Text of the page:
Riskiest Draft Class

When seven of your top ten picks are high schoolers, there’s bound to be some risk involved. That’s exactly what the Baltimore Orioles did over the first two days, and in a system lacking of impact talent, it may be needed. Ryan Mountcastle was probably a reach at #36 overall, but he has a good profile as a hitter but will need to move off of shortstop. Jonathan Hughes has been on the radar since his freshman year of high school, but his star faded as he got older and he is more of a project now.

Jason Heinrich was one of the biggest breakout stars at the WWBA championships in Florida last fall, but is a risky pick in terms of floor. Gray Fenter is a very old high schooler at nearly 19 ½ years old, but he has a good, three pitch profile. Ryan McKenna and Seamus Curran are huge risks as New England high schoolers, but both profile as potential everyday players.

Even the O’s first college pick might be described as risky, as DJ Stewart knows how to hit but has been inconsistent since last summer with the USA Collegiate National Team and this spring at Florida State. He also lacks a true position. Garrett Cleavinger and Reid Love are college relievers, and Jay Flaa is a performer from North Dakota State.

Also out on a limb:

The Astros had two top-five picks and a massive bonus pool, and they look to be making the most of it. Alex Bregman was a no-brainer at #2 overall, a safe college pick. Kyle Tucker is a projectable Florida prep outfielder at #5, but Daz Cameron is a real steal at #37 overall after sliding due to bonus demands.

This draft class is not risky in the same way that Baltimore’s is. Rather, it is risky in the fact that a lot of money will be spent on a number of prep players that slid down the draft.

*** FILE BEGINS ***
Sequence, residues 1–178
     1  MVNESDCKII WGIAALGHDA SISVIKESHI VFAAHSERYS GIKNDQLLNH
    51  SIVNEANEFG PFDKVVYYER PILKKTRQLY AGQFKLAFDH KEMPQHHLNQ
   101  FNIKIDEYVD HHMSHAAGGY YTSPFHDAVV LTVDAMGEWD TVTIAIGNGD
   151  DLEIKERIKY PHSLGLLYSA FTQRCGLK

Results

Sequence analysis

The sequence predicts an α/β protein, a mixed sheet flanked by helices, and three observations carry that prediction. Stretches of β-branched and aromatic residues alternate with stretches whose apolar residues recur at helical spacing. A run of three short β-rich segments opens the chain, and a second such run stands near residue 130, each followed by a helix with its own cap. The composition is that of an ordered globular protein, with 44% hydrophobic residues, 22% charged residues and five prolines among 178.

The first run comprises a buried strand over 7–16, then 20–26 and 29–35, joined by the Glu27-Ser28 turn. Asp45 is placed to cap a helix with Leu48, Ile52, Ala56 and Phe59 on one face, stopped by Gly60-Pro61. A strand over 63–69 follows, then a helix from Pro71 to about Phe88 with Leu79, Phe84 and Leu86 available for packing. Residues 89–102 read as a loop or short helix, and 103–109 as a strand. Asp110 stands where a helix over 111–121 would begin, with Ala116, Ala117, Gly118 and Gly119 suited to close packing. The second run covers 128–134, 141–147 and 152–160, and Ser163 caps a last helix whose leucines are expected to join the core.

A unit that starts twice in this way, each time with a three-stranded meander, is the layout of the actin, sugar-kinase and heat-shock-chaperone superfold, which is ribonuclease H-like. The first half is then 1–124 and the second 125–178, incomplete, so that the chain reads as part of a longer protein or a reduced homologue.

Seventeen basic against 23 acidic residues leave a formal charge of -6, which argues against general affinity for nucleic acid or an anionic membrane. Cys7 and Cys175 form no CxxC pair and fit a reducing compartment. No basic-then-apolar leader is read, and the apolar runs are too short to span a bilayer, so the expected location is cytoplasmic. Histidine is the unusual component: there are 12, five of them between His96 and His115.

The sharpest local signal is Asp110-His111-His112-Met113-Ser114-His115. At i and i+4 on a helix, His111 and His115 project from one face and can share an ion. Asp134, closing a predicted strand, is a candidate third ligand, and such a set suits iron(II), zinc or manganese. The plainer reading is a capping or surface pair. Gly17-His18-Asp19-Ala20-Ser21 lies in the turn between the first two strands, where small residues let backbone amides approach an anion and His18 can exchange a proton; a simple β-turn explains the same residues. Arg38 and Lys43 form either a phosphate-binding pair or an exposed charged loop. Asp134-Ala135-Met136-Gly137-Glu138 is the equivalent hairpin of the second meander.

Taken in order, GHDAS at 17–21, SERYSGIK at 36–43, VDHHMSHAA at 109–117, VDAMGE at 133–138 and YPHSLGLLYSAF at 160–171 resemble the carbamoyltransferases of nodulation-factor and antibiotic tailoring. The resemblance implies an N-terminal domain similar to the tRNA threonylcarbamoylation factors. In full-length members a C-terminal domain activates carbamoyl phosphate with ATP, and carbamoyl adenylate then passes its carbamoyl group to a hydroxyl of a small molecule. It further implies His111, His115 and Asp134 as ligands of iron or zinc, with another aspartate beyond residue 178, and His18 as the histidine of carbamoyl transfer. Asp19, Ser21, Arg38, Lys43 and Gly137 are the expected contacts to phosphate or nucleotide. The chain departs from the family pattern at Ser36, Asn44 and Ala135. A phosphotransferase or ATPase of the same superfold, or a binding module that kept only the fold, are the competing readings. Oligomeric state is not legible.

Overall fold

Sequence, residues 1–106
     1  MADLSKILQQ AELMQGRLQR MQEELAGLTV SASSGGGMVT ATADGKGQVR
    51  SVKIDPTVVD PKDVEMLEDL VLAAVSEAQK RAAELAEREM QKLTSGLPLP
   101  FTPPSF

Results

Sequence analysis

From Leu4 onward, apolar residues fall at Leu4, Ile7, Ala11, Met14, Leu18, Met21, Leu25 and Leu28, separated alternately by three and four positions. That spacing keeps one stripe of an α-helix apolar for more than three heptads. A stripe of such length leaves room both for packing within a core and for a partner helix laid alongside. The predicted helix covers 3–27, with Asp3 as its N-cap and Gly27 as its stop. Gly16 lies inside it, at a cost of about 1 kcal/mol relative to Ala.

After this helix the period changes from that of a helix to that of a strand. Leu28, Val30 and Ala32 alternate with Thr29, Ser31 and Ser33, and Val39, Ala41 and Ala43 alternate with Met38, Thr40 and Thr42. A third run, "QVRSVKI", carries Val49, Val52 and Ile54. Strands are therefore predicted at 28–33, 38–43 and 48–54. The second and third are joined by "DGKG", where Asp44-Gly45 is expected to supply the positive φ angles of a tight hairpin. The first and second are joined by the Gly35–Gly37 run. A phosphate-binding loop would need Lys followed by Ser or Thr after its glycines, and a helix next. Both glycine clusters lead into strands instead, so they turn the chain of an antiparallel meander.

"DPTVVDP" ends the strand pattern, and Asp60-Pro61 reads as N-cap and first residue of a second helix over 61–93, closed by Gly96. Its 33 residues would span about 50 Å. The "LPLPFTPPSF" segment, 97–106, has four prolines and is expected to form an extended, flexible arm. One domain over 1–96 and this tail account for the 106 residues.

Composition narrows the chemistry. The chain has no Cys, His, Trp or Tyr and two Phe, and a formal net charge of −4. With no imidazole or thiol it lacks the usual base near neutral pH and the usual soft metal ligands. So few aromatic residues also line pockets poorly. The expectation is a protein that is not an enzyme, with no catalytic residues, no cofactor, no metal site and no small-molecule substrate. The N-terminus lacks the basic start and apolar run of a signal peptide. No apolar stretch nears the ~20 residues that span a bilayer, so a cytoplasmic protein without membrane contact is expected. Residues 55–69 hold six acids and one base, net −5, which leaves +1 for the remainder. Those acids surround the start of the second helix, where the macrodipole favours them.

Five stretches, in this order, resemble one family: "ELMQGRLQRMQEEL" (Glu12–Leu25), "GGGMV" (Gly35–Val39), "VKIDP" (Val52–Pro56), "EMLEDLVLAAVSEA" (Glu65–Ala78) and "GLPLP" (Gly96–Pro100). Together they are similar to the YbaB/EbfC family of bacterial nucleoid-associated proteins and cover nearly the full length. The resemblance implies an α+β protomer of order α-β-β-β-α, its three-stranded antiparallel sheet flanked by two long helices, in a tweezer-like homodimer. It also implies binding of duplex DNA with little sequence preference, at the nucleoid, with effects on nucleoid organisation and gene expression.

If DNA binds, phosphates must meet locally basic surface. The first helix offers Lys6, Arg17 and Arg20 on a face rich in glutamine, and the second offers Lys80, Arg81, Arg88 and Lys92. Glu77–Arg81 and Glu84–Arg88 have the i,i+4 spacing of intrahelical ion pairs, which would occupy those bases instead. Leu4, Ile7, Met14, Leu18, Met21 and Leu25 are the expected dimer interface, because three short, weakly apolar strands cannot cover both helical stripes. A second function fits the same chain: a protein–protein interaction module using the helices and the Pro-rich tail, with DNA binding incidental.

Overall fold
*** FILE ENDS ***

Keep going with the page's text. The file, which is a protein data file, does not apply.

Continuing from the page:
Safest Draft Class

With any player in the draft available to them with the first overall pick, the Arizona Diamondbacks had to make a good selection. Dansby Swanson out of Vanderbilt is as good as any, a safe bet to be at least a major league regular with an All-Star ceiling. Beyond Swanson, Arizona went entirely with college players, with many close to ready to breaking into the big leagues.

Alex Young, Taylor Clarke, and Breckin Williams all come from major college programs (TCU, Charleston, and Missouri respectively), and each have the chance to start at the next level. Clarke, who had Tommy John surgery in 2013, is the riskiest of three despite a strong 2015 season, due to his injury and otherwise lack of track record.

Ryan Burr was one of college baseball’s top closers and should be an effective reliever at the big league level in some capacity.

Also Safe:

The Pittsburgh Pirates are usually fans of projectable high school arms, and they were connected with a number of them leading up to the draft. Instead, Pittsburgh went of course and used nine of their ten selections on college players. Evaluators and prospect writers have varying opinions on Kevin Newman, with some seeing him as a top-five talent and others in the second round, but the general consensus is that he can hit the baseball.

Ke’Bryan Hayes and Kevin Kramer, the other Day 1 picks, are also left side infielders. Hayes appears one of the safest high school bats, with a chance to stick at third and really hit. Casey Hughston and Brandon Waddell are college performers with the potential to be contributors, and Jacob Taylor and Logan Sendelbach are small school guys with upside.

Best Value Pick

Dakota Chalmers was considered one of the top prep arms in the class, but he inexplicably fell to the A’s at #97 overall, in the third round. Oakland, not usually known for grabbing high-end prep arms, must be thrilled, as Chalmers has touched 98 MPH before and has three other off-speed pitches. Despite some command and delivery issues, Chalmers has the upside of a #2 starter.

Honorable mentions:

In a draft short on power, Kolton Kendrick, a fast rising Louisiana prep product, may have the most raw power in the draft. Some even label his power as 80 grade, so the Twins must have been excited to watch him fall into their laps in the 8th round. Questions about his pure hit tool remain, and he is limited to first, but potential 30 home run power at #230 overall is tough to pass up.

Nigerian-born Demi Orimoloye was widely considered the top Canadian prospect in this year’s draft, but he slid to Milwaukee in the first round behind Naylor and second round arm Mike Soroka. Orimoloye is super athletic with more room to grow, and is a plus runner with plus raw power. Questions about the hit tool remain, as well as position.